And succeed she did. The reward was great when her student, now a young woman, graduated cum laude from Radcliffe College. Anne had spelled every word of every lecture into this girl’s hand during her college years. Can you imagine?! Helen Keller was that little girl and she went on to become a prolific author and speaker on behalf of those with disabilities. 

Your child has imperfections too. You may be raising a strong-willed choleric who is determined to be in control, or a lazy phlegmatic who doesn’t see the need to get anything done in a hurry, or a happy-go-lucky sanguine who is easily distracted and doesn’t get their stuff done without constant reminders from you. Or perhaps one of your kids is a moody melancholy whose demands for perfection drive everyone in the family nuts. (Do you want to know more about temperaments – see the Mom’s Notes presentations, “Understanding Your Child’s Besetting Sin, Parts 1,2,3”) 

On top of that, your kids are being raised by imperfect parents! Do you have the determination of Anne Sullivan to train your children in the character they will need to succeed, or do you just want to give up because it is too hard? Anne could have done the bare minimum when working with Helen and that would have been okay with everyone but Anne herself.

 It was 17 years ago this week that Carla and I were in a horrific car accident that left her bound to a wheelchair. She is often asked how she keeps such as positive attitude in light of the chronic pain she endures daily and not being able to walk. She tells them she has bad days, but they are just harder than the rest. Most days are hard for her. But she goes on to say that doesn’t make them bad. They are just hard. Seeing it that way is a choice. 

You are going to have a lot of bad days in your parenting journey especially if you are trying to raise them to have a strong moral character that God approves of. In today’s world there are fewer and fewer people that know what that looks like. It does make the training of your kids harder. But that doesn’t make it bad or wrong. It is just hard. And that’s okay.  

“Enter by the narrow gate. For the gate is wide and the way is easythat leads to destruction, and those who enter by it are many.For the gate is narrow and the way is hard that leads to life,and those who find it are few.”Matthew 7:13-15 (ESV)

How is Your Crop Growing?

By Joey and Carla Link
September 1, 2021

Recently Carla and I were driving by some corn fields and we talked about all the work a farmer puts in to get those corn plants from seeds in the ground to the tasty, sweet corn on our tables. From the off-season planning, to working on the equipment to be sure it is in good working order, fertilizing the crop and making sure it is well watered, to watching to see when it is ready to be harvested, nurturing corn is a full-time job.
Just as a farmer must watch after his investment to be sure nothing will get near their crop that would destroy it, parents need to keep watch over their children.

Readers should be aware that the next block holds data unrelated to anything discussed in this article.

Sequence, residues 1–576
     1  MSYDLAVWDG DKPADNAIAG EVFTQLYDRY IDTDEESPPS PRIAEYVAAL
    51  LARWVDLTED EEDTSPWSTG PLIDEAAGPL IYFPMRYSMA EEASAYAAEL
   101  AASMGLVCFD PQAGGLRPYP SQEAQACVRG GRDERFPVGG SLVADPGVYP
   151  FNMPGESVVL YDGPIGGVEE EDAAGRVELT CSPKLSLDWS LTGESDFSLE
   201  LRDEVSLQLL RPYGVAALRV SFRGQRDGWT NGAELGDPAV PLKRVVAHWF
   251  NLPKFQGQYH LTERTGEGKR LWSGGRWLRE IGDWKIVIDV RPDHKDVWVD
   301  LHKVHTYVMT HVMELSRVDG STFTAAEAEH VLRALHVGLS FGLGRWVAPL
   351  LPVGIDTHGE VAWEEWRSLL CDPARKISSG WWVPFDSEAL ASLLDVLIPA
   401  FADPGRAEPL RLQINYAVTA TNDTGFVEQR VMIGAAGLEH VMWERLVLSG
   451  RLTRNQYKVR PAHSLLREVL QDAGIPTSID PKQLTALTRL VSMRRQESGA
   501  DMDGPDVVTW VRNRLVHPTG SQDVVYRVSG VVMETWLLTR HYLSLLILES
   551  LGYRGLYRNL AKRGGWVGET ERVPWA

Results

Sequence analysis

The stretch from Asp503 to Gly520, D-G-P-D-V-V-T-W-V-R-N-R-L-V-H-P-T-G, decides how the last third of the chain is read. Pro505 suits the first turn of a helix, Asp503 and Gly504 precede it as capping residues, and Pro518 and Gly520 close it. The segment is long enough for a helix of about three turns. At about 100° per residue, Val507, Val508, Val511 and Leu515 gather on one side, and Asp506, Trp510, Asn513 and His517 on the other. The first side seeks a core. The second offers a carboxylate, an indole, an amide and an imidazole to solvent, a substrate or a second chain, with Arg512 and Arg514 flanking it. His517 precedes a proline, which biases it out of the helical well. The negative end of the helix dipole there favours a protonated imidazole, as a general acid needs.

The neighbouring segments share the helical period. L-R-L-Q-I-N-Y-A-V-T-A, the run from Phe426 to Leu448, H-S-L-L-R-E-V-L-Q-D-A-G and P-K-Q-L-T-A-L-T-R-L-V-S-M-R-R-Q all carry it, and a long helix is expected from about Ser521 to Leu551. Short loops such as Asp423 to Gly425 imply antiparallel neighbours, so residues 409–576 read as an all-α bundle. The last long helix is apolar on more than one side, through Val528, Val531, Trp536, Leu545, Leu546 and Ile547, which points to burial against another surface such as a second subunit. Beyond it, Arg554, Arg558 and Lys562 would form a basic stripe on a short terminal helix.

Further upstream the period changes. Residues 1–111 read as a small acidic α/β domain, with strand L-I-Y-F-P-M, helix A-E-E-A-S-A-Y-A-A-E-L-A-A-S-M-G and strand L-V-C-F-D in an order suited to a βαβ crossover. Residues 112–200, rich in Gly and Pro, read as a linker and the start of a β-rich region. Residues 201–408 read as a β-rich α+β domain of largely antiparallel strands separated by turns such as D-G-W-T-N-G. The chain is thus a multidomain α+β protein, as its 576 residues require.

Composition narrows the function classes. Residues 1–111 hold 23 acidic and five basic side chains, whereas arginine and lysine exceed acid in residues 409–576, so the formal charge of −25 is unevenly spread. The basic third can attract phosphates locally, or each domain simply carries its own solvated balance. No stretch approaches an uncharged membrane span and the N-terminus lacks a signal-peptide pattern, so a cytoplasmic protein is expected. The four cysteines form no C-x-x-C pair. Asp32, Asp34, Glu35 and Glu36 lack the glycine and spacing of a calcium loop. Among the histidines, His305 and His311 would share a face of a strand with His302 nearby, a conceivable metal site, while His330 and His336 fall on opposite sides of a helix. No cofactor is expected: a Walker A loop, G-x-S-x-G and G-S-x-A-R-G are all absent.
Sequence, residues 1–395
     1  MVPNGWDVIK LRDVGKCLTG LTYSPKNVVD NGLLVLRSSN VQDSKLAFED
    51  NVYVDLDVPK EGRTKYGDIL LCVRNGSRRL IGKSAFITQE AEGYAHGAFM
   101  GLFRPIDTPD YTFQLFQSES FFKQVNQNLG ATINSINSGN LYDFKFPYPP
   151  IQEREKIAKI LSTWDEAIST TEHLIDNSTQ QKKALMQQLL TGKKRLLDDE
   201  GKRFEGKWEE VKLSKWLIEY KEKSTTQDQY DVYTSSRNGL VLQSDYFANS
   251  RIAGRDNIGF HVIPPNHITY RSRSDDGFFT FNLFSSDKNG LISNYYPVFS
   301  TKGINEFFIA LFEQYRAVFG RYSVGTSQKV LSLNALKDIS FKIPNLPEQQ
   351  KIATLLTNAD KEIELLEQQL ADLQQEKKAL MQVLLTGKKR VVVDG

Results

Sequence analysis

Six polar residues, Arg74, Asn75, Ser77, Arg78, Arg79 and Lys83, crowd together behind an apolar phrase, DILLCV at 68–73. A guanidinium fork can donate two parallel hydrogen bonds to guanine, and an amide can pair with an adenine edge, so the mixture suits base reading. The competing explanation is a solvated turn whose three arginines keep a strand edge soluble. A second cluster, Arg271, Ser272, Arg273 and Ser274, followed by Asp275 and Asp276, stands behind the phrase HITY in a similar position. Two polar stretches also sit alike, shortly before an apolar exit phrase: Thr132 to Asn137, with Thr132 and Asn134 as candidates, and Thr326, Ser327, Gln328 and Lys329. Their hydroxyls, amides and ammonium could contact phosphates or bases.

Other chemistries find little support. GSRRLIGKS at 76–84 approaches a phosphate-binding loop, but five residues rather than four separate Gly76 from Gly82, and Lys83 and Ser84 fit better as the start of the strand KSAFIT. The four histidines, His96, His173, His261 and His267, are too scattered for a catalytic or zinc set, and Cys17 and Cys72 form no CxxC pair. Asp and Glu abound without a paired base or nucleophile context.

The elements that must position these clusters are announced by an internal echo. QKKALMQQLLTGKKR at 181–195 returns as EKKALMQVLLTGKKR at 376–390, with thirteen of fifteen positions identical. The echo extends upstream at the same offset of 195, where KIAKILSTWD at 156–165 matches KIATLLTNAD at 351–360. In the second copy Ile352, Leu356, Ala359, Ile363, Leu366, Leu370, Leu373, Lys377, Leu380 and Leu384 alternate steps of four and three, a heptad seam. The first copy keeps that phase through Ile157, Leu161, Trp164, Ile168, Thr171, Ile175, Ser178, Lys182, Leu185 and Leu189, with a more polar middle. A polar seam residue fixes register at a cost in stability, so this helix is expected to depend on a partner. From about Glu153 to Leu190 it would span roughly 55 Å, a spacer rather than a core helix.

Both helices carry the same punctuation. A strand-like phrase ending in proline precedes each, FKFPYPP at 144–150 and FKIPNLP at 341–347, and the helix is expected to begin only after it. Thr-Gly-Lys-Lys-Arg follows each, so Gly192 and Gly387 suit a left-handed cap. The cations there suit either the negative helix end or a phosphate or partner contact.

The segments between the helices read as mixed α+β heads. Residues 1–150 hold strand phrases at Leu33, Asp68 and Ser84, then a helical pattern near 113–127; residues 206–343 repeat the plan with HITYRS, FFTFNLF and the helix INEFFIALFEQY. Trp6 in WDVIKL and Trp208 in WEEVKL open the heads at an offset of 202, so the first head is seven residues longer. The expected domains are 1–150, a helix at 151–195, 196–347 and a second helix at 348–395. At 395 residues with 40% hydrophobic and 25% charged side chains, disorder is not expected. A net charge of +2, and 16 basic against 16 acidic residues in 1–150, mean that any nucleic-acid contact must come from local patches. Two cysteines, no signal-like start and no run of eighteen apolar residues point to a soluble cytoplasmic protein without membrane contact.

“Do not be deceived, bad company ruins good morals.”1 Corinthians 15:33
“Bad company” doesn’t have to be people. The often-destructive morals of television, digital games, social media, etc. certainly applies as well, along with peers and other influences. 
When we talk about giving your teen the freedom to fail, we are saying the time is right for you to see if they can handle a certain situation on their own. 
1.    When they come to you with a question, ask them what they think they should do. If it is at all doable, tell them it is a good choice and to go for it. This will give them confidence in their ability to make wise decisions.
2.    If they have shown you they can manage a freedom 65+% of the time when you are within shouting distance, give that area to them to see if they can handle it when you aren‘t.
3.    Having the freedom to fail has everything to do with trust. If you don’t trust them, don’t give them the freedom to do it. 

You don’t want to give them the freedom to fail when it comes to going out with a group of friends. If you don’t trust them, they shouldn’t have the freedom to go. We would ask our kids to give us 3 worst-case scenarios and how they would handle them. We gave them ours if they didn’t come up with them. Sometimes, after working through the worst-case scenarios, they would decide not to go. 
When do you start to give them the freedom to fail?1.    Giving your teen the freedom to fail is not a one-time event. It is a process that takes place over time.2.    Give them the freedom to fail in an area they have been successfully managing for a period of time. Take it away if they mis-manage it without your supervision. 
If they can’t handle it and need more support before they can manage this issue on their own, you want to be the one to stand alongside, supporting them. Stepping back and seeing if your child/teen is ready to manage a given behavior/responsibility on his own is a necessary action parents will do over and over again throughout their children’s growing up years. 
We encourage you not to give your teen the freedom to fail if you aren’t sure they can succeed. Give it to them when you are sure they will succeed.
Ihave no greater joy than to hear that my children are walking in the faith.”3rd John 4
We hope you enjoy your children as you raise a crop that will yield 100-fold.